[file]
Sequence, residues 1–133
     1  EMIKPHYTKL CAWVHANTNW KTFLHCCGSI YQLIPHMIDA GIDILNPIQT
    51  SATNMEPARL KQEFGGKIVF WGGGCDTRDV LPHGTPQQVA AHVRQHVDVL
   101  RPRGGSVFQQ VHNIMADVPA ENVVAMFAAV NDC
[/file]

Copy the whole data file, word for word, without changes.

Sequence, residues 1–133
     1  EMIKPHYTKL CAWVHANTNW KTFLHCCGSI YQLIPHMIDA GIDILNPIQT
    51  SATNMEPARL KQEFGGKIVF WGGGCDTRDV LPHGTPQQVA AHVRQHVDVL
   101  RPRGGSVFQQ VHNIMADVPA ENVVAMFAAV NDC